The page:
1. We VTS the piece – Whore in the Church House


2. Ice Breaker - A tactile yarn exercise to get ready to write - How do you describe where you're from?

(the 4 of us go first and could use 4 different examples of how we identify ourselves)

Each writer shares an example of how the identify themselves while holding the yarn - this can be an intersection either geographically or culturally.

After they share, they toss the yarn to someone else in the group while still holding on to a piece of the yarn.

As this process progresses, the yarn creates a web of intersections.

This becomes reflective of the group and the experience. 



Read selected poem - This poem could work as a guide for the student's writing.

Conversations about home (at a deportation centre)

A poem by Warsan Shire

Well, I think home spat me out, the blackouts and curfews like tongue against loose tooth. God, do you know how difficult it is, to talk about the day your own city dragged you by the hair, past the old prison, past the school gates, past the burning torsos erected on poles like flags? When I meet others like me I recognize the longing, the missing, the memory of ash on their faces. No one leaves home unless home is the mouth of a shark. I've been carrying the old anthem in my mouth for so long that there’s no space for another song, another tongue or another language. I know a shame that shrouds, totally engulfs. I tore up and ate my own passport in an airport hotel. I’m bloated with language I can't afford to forget. 



* Pre-write. Students create a list of things that they feel reflect/identify themselves (questions of gender/race/culture positioning).

    The list can be mapped out with a short drawing or sketch.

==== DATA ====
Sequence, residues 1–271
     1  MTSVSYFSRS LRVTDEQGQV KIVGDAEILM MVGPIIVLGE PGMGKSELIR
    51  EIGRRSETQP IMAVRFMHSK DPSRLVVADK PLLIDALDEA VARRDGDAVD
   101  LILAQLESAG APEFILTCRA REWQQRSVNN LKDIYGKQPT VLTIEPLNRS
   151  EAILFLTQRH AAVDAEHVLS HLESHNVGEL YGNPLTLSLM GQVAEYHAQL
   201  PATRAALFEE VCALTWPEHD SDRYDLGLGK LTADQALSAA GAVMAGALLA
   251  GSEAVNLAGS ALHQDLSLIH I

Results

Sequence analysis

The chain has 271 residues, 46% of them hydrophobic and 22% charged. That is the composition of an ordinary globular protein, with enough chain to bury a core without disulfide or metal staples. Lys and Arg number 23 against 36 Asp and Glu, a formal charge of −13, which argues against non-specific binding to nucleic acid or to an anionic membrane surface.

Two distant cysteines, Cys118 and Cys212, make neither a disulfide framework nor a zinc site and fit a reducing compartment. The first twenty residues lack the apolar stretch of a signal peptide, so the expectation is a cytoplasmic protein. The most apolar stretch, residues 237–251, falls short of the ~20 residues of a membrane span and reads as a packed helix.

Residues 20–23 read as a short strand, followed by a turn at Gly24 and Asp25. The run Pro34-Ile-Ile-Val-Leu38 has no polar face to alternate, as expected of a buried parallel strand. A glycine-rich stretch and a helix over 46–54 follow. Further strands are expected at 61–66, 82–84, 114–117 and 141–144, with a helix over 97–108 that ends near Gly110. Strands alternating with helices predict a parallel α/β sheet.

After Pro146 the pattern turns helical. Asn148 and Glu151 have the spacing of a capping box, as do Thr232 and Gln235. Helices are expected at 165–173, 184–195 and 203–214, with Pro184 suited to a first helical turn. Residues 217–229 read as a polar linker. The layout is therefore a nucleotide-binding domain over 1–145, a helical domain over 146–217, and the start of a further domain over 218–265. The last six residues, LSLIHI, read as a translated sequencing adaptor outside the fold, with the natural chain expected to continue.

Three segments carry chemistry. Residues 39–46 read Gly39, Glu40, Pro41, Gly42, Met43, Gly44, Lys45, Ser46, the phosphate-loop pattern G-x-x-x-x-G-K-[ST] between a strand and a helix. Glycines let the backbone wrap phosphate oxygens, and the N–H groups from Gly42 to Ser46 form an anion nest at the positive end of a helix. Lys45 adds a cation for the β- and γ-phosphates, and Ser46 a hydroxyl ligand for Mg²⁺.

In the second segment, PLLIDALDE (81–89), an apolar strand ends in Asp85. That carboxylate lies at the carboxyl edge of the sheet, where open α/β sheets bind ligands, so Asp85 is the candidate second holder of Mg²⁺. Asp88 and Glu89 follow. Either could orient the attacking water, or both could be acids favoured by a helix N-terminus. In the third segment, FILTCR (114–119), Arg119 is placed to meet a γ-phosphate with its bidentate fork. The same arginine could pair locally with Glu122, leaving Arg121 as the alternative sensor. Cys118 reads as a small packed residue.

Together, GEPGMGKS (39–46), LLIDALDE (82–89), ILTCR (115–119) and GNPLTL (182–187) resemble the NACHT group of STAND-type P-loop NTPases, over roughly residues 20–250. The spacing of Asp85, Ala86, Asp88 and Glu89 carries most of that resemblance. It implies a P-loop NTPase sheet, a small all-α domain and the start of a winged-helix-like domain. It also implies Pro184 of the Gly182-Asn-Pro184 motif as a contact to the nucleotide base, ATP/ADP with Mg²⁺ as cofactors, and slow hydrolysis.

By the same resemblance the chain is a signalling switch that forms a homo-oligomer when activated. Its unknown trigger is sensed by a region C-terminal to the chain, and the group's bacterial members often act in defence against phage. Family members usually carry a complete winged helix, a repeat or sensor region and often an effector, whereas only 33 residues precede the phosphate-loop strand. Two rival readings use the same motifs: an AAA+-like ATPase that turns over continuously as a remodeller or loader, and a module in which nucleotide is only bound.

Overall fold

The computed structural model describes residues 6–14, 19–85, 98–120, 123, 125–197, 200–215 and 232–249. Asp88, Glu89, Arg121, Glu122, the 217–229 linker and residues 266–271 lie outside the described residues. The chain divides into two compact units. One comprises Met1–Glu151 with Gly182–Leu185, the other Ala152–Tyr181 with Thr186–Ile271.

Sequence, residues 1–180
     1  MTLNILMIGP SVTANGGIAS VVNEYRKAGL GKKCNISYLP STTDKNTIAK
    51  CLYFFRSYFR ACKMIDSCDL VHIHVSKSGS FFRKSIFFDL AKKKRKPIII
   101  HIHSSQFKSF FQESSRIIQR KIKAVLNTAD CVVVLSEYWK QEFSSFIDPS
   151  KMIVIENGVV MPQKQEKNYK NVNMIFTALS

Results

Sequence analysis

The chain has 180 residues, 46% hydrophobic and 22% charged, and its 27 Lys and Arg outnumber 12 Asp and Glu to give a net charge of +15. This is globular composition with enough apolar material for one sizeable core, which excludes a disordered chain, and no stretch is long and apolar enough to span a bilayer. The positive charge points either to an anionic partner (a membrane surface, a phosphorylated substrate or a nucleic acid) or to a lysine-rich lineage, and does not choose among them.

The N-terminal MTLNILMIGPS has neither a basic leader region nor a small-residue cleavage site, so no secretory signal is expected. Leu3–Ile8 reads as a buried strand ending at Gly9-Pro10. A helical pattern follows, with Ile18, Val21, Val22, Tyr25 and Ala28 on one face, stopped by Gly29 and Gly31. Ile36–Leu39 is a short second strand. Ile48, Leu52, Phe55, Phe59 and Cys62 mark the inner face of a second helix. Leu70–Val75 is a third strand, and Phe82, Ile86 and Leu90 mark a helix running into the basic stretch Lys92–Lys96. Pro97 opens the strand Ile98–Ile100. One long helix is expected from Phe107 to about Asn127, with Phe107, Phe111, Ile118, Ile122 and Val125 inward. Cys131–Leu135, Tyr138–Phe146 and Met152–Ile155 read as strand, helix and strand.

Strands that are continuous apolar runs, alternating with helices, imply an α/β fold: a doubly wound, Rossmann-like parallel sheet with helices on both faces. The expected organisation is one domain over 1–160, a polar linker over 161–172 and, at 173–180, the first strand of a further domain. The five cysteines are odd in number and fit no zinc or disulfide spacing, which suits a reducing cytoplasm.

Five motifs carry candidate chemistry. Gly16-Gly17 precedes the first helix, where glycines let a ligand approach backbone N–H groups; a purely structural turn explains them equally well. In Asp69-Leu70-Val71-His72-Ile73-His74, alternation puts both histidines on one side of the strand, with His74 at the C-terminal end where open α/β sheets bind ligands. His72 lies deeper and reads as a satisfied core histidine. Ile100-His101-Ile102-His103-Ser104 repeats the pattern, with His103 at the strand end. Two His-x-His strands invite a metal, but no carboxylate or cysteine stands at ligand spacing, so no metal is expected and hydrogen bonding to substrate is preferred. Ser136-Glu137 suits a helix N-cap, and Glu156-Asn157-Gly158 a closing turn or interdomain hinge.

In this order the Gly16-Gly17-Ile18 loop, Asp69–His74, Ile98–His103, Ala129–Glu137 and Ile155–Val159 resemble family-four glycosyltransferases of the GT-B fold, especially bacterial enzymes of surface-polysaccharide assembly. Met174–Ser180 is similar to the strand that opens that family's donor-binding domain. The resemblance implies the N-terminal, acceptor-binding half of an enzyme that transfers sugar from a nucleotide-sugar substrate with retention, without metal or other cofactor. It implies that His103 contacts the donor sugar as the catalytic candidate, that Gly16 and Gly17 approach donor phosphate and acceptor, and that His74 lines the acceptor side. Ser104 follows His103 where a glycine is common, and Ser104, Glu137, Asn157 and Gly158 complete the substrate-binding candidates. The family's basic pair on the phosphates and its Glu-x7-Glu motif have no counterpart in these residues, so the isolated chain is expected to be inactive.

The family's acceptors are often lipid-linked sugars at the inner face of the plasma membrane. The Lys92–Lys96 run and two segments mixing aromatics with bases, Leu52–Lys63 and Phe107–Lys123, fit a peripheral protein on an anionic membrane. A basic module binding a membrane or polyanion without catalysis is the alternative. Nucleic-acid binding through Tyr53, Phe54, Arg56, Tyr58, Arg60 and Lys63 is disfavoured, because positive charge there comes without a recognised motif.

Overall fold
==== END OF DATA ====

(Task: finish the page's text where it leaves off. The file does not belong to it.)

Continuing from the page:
1.What is on a map, what things are on/in a place? Street, roads, cross-streets, signs, lights, landmarks. If your body was a map, what would the scars/birthmarks/freckles/bones/eye color.....


    2.How are those things linked to your identity?


    3.If you were a map, what would your shape be like? Why? What would surround your borders?


    4.Who is welcome there? Why?



      *Move into the the writing exercise. Students can use their lists, pre-write, and map to create a poem about cultural identity/geographical positions....




        Discussion questions/prompts for writing

          - Where are you? (within the map of intersecting cultures)

          - How do the intersections and pathways affect how we see ourselves/others?

          - How do they connect and/or divide our vision of self? In what ways is this good/bad? 

          - How concrete is your culture alone in terms of the map and intersections?

          - At what point on the map can you really pinpoint yourself? Your identity?

          - Do you believe this is telling of cultural identity and how you view yourself?

          - How are we reflected in the layers and crossings as new pathways are forged?


        Reflection Time.